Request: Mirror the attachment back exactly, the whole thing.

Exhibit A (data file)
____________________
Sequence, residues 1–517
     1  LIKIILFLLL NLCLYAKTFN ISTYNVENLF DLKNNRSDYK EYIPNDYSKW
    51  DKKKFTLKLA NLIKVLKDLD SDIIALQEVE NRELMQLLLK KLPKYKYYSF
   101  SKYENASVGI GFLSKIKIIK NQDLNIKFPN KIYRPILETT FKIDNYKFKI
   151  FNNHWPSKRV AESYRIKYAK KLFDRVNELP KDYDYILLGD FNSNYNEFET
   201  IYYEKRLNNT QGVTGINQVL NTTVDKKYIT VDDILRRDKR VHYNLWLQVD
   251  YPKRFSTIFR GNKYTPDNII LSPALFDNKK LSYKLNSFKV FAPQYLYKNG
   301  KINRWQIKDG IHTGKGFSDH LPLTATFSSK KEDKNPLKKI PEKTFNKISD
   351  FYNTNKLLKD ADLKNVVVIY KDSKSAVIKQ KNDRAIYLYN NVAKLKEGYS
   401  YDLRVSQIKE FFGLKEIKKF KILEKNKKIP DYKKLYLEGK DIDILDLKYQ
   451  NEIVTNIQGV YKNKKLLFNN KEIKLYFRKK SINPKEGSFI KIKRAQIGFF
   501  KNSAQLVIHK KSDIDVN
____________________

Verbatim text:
Sequence, residues 1–517
     1  LIKIILFLLL NLCLYAKTFN ISTYNVENLF DLKNNRSDYK EYIPNDYSKW
    51  DKKKFTLKLA NLIKVLKDLD SDIIALQEVE NRELMQLLLK KLPKYKYYSF
   101  SKYENASVGI GFLSKIKIIK NQDLNIKFPN KIYRPILETT FKIDNYKFKI
   151  FNNHWPSKRV AESYRIKYAK KLFDRVNELP KDYDYILLGD FNSNYNEFET
   201  IYYEKRLNNT QGVTGINQVL NTTVDKKYIT VDDILRRDKR VHYNLWLQVD
   251  YPKRFSTIFR GNKYTPDNII LSPALFDNKK LSYKLNSFKV FAPQYLYKNG
   301  KINRWQIKDG IHTGKGFSDH LPLTATFSSK KEDKNPLKKI PEKTFNKISD
   351  FYNTNKLLKD ADLKNVVVIY KDSKSAVIKQ KNDRAIYLYN NVAKLKEGYS
   401  YDLRVSQIKE FFGLKEIKKF KILEKNKKIP DYKKLYLEGK DIDILDLKYQ
   451  NEIVTNIQGV YKNKKLLFNN KEIKLYFRKK SINPKEGSFI KIKRAQIGFF
   501  KNSAQLVIHK KSDIDVN